NASA astronaut on board ISS develops blood clot in space, gets treated by doctors on Earth

This was the first time a blood clot had been found in an astronaut in space, so there was no established method of treatment in zero gravity; Blood clot expert Dr. Stephan Moll, professor of medicine in the UNC School of Medicine, consulted NASA on how to treat the US astronaut.

                            NASA astronaut on board ISS develops blood clot in space, gets treated by doctors on Earth
Dr. Stephan Moll at NASA (UNC School of Medicine)

The field of telemedicine advanced a notch further when a blood clot expert from the University of North Carolina (UNC) School of Medicine got an email from NASA and later a call from space. The reason: an astronaut onboard NASA's International Space Station (ISS) had a blood clot in the jugular vein of the neck.

Back on Earth, such a case can be quickly handled by doctors. But since this was the first time a blood clot had been found in an astronaut in space, there was no established method of treatment for it in zero gravity. There was no prior knowledge of what the risks or complications might be. All decisions were made with the knowledge from what doctors do on Earth, what might happen in space, and how are things different in zero gravity.

The research team writes in the New England Journal of Medicine that medical decisions, in this case, were implemented through “concerted efforts” across multiple space agencies to overcome the numerous logistic and operational challenges. 

Dr. Stephan Moll, UNC School of Medicine blood clot expert, was the only non-NASA physician the space agency consulted when it was discovered that the astronaut had a deep vein thrombosis (DVT) -- or blood clot -- in the jugular vein of the neck.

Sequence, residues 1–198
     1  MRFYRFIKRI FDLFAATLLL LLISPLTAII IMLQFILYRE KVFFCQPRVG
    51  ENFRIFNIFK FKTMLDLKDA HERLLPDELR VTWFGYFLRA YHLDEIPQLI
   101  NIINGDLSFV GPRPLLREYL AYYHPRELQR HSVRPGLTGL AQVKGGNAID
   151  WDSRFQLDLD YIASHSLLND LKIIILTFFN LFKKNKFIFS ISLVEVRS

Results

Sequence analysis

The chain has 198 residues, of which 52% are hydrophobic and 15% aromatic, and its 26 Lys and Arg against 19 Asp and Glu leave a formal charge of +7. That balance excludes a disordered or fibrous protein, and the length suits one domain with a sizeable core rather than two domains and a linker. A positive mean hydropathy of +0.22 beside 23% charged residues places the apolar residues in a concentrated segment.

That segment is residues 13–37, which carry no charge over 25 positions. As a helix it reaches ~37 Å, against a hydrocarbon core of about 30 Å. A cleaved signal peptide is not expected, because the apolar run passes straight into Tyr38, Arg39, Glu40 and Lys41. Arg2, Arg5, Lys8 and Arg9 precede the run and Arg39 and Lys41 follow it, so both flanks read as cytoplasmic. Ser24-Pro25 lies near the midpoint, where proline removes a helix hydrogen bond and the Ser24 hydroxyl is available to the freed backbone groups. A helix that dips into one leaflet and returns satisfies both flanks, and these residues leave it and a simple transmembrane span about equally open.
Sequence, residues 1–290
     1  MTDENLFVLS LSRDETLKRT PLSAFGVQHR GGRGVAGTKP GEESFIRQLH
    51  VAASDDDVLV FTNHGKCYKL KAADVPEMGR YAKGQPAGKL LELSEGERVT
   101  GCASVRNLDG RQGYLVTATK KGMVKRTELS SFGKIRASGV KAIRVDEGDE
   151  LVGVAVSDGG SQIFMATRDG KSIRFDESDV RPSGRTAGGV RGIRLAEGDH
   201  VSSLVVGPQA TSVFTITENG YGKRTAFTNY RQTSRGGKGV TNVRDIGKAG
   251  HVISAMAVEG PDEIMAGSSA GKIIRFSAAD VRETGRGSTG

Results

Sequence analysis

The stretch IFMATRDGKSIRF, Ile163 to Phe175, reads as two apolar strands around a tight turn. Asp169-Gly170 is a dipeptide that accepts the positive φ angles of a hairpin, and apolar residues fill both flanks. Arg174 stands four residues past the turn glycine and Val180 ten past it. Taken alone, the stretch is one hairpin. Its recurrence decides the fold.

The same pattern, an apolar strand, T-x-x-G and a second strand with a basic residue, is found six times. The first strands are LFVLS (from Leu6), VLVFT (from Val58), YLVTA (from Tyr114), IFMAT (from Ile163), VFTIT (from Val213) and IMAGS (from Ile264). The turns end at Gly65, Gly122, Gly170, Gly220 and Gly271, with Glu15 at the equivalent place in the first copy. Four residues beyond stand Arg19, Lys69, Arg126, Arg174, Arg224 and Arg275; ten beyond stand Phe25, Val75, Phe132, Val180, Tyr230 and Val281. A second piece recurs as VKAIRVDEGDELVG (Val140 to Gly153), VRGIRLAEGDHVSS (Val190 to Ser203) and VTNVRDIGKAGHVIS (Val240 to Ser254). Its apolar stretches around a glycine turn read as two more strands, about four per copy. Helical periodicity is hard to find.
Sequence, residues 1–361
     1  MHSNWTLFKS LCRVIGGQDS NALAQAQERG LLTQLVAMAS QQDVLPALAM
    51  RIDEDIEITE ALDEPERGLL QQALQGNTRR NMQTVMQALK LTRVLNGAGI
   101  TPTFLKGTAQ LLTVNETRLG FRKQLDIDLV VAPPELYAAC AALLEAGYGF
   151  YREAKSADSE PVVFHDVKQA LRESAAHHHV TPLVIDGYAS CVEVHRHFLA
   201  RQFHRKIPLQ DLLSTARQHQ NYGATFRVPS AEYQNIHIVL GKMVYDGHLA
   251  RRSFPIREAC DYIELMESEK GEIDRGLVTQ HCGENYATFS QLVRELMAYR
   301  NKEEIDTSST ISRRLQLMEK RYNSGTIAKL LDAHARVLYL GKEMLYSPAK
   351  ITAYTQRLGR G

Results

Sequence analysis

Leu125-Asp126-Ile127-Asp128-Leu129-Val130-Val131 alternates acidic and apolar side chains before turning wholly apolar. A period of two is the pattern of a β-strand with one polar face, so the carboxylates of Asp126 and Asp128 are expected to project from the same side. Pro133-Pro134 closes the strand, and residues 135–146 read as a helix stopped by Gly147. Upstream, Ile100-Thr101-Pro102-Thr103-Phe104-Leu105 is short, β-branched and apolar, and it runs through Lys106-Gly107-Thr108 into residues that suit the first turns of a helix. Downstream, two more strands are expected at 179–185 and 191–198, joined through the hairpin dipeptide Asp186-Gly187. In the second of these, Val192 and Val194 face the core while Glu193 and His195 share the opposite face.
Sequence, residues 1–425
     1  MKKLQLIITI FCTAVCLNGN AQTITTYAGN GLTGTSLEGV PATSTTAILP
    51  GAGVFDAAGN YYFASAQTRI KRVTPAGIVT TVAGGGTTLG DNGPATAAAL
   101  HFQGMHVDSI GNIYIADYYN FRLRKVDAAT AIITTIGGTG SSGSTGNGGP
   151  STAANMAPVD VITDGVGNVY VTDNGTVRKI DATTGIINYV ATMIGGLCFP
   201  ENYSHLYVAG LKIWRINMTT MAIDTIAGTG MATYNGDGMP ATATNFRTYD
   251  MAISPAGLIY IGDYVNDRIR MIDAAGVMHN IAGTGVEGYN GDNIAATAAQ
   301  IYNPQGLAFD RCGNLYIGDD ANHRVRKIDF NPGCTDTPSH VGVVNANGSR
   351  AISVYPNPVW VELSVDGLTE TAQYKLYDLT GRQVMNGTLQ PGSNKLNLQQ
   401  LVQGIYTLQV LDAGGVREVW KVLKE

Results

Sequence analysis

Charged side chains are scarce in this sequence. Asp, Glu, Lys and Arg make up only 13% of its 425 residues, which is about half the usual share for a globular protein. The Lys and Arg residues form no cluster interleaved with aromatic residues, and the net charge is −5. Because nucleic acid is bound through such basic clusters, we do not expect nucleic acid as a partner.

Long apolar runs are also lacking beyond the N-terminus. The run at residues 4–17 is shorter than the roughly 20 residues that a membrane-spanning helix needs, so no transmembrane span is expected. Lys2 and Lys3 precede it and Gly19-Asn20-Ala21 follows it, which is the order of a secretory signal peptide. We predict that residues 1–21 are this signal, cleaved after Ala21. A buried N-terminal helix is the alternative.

“My first reaction when NASA reached out to me was to ask if I could visit the ISS to examine the patient myself. NASA told me they couldn't get me up to space quickly enough, so I proceeded with the evaluation and treatment process from here in Chapel Hill," says Dr. Moll, a member of the UNC Blood Research Center. He co-wrote the case study on the successful treatment.

"My first reaction when NASA reached out to me was to ask if I could visit the International Space Station (ISS) to examine the patient myself. NASA told me they couldn't get me up to space quickly enough, so I proceeded with the treatment process from here in Chapel Hill," says Dr. Stephan Moll.
(UNC School of Medicine)

Deep vein thrombosis occurs when a blood clot (thrombus) forms in one or more of the deep veins in the body, usually in the legs.

The astronaut’s blood clot was asymptomatic – which implies the person did not have any symptoms that would have otherwise made them aware of the clot. The DVT was discovered when the astronauts was taking ultrasounds of their neck for a research study on how body fluid is redistributed in zero gravity. 

Approximately two months into a six-month mission ISS mission, “obstructive left internal jugular venous thrombosis was suspected in an astronaut during an ultrasound examination. Follow-up ultrasound examination performed by the astronaut, guided in real-time and interpreted by two radiologists on Earth, confirmed the presence of venous thrombosis with subacute characteristics," says the report.

The team further writes, "Internal jugular venous thrombosis on Earth is typically associated with cancer, a central venous catheter, or ovarian hyperstimulation. Unprovoked isolated venous thrombosis of the internal jugular vein is uncommon."

For privacy reasons, the research team did not reveal the astronaut's identity in their report, including information such as when this event happened. 

According to Dr. Moll, normally, the protocol for treating a patient with DVT would be to start them on blood thinners for at least three months to prevent the clot from getting bigger and to lessen the harm it could cause if it moved to a different part of the body such as the lungs.